Like any other type of surgery, our body’s ability to heal quickly and with the best results relies on the post-operative care and diet it receives directly after an operation. Knowing what foods to eat after circumcision can help the body to reduce inflammation, maintain a healthy immune response, and heal faster while certain foods can have the opposite effect and may slow down the healing process by causing inflammation and other negative effects for the healing process.
The Redundant Foreskin is the excess amount of foreskin covering the head of a male penis completely before its erected. This skin often leads to numerous health problems, especially if the male cannot completely withdraw the foreskin from the head of the penis. Such people will require visiting a urologist for enhanced examination and treatment to prevent significant health issues.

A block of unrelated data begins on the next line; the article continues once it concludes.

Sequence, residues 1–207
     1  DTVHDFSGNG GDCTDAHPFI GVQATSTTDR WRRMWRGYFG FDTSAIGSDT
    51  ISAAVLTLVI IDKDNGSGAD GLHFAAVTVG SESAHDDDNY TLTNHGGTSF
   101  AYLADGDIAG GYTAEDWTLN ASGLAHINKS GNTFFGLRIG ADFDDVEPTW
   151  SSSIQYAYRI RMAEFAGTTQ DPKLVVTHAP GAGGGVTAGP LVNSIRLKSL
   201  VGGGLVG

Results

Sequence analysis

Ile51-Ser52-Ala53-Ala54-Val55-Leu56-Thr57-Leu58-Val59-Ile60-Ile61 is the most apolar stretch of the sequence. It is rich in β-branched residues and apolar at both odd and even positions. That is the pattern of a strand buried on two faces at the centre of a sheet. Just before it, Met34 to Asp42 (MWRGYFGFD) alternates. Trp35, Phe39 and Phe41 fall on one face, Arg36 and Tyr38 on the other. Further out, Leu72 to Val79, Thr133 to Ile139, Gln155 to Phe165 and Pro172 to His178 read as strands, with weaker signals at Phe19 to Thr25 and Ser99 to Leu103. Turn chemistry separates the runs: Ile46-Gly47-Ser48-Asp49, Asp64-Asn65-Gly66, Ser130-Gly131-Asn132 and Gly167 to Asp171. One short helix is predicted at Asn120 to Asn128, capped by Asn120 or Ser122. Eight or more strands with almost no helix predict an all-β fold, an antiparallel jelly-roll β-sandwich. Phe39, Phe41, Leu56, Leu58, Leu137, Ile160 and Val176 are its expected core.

Phimosis is a health condition in which the foreskin cannot be pulled back or retracted beyond the glans. It is most prevalent among males, both pediatric and adults. The tightening of the prepuce [foreskin] is caused by the narrowing of the preputial tissue, causing adhesion between the foreskin and the glans.
While circumcision of the penis is a commonly accepted practice in many geographical areas, a lot of misunderstanding still exists around the procedure and the differences between cut and uncut penises.
Fortunately, we got the facts before we went down that road, and we’re sharing them here to help new moms and moms-to-be make their own decision. Read on to explore some of the most common myths about circumcision and clarify some potentially confusing misinformation.